Why don’t the Great Lakes produce weather disasters?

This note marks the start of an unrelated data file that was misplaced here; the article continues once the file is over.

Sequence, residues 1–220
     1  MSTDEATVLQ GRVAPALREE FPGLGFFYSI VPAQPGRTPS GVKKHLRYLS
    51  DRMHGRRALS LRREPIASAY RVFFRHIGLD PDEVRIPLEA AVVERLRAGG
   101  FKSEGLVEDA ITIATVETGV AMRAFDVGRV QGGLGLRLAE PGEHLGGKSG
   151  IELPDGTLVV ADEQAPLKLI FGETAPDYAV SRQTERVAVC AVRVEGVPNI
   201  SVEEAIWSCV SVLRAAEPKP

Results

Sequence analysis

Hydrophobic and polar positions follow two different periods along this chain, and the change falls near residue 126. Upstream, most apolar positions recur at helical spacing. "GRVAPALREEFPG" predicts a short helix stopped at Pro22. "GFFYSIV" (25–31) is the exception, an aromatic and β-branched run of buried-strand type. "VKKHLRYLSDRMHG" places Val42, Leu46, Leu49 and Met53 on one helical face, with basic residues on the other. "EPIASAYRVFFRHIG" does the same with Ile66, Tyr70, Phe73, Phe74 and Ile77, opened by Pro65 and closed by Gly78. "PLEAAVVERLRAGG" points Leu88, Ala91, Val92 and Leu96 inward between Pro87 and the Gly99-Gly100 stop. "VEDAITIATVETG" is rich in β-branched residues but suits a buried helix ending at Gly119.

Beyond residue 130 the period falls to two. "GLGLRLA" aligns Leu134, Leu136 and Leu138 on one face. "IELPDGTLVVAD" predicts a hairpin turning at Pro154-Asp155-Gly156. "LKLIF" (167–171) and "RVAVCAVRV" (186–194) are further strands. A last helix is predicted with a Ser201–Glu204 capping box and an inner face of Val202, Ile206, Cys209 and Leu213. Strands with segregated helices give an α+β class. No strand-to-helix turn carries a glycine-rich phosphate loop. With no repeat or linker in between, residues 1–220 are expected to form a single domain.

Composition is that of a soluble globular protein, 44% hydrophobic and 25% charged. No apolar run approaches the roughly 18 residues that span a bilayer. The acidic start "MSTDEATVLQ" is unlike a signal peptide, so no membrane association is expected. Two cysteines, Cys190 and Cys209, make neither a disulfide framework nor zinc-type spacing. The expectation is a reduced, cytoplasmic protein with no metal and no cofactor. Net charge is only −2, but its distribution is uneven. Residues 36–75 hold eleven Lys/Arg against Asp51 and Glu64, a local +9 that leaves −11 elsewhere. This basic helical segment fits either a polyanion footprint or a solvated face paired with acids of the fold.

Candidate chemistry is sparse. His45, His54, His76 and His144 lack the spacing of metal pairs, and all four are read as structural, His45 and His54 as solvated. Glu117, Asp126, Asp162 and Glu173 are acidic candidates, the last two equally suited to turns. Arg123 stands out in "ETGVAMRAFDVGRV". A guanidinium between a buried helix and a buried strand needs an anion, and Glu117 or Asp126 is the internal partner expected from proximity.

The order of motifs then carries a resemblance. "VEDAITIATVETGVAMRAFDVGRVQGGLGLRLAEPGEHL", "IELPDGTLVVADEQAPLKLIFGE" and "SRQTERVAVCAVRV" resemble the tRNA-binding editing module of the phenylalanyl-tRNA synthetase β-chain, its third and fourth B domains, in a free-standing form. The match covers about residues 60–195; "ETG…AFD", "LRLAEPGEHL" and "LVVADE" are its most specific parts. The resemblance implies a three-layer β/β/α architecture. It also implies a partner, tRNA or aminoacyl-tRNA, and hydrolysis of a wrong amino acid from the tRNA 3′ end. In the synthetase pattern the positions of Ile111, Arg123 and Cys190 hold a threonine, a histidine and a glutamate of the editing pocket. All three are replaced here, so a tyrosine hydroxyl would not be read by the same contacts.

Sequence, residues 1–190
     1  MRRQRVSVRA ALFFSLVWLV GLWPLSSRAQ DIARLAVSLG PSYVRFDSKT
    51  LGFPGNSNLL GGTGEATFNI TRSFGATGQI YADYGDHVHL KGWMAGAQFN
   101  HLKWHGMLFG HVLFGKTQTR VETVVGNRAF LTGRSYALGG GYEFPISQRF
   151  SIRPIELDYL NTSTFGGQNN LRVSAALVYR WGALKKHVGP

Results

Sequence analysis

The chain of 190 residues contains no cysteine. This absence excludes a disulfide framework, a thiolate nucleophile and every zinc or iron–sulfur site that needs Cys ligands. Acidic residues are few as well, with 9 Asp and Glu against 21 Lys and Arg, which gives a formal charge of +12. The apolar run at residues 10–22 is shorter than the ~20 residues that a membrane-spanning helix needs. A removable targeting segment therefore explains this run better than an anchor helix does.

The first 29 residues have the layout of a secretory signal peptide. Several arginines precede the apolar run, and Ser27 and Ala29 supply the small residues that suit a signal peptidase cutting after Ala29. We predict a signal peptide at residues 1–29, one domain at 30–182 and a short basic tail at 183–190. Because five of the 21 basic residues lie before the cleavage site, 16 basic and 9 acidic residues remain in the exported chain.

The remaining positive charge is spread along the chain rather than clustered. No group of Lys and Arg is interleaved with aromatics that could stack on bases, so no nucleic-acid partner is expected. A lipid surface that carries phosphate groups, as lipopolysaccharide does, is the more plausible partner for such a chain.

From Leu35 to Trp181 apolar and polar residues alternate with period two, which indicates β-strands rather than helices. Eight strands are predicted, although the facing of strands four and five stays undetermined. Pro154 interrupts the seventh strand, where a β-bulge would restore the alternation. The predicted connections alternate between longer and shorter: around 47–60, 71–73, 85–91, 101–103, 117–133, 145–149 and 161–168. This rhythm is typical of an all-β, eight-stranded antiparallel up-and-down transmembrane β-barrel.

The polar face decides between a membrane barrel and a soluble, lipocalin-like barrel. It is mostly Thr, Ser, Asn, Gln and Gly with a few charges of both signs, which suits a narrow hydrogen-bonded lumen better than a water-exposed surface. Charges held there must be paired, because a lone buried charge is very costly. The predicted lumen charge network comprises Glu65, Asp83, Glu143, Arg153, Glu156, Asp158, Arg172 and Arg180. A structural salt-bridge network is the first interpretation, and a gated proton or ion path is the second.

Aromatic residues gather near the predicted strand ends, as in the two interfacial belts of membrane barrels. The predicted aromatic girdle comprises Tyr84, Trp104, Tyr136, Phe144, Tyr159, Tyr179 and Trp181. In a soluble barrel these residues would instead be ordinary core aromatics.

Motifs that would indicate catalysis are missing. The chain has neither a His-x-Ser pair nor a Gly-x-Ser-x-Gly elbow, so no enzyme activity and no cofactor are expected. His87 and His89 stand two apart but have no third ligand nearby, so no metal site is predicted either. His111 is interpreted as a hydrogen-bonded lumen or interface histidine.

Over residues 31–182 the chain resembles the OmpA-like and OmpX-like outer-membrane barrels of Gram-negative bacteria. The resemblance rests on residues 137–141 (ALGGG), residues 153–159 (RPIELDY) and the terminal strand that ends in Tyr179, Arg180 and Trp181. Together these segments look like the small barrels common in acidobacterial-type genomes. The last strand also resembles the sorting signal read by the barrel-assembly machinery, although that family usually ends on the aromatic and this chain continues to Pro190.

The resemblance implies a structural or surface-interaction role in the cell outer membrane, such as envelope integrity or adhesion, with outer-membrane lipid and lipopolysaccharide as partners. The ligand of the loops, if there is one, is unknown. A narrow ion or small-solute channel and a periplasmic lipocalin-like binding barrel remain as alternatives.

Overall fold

Weather-related disasters on the Great Lakes do occur. In fact, they were the primary motivation for the establishment of the U.S. Weather Bureau in November, 1870. In late autumn and early winter, the waters of the Great Lakes still retain much of summer’s warmth. As bitterly cold arctic air masses of late fall sweep across the Great Lakes region, the lakes represent a huge reservoir of heat (relative to low air temperatures) that contributes to the intensification of low pressure systems moving across the region. These storms can rival hurricanes in size and ferocity. The storm of Nov. 10-14, 1913, is an example. It generated 60-90 mph winds and 35-foot waves that claimed 276 lives on the Great Lakes.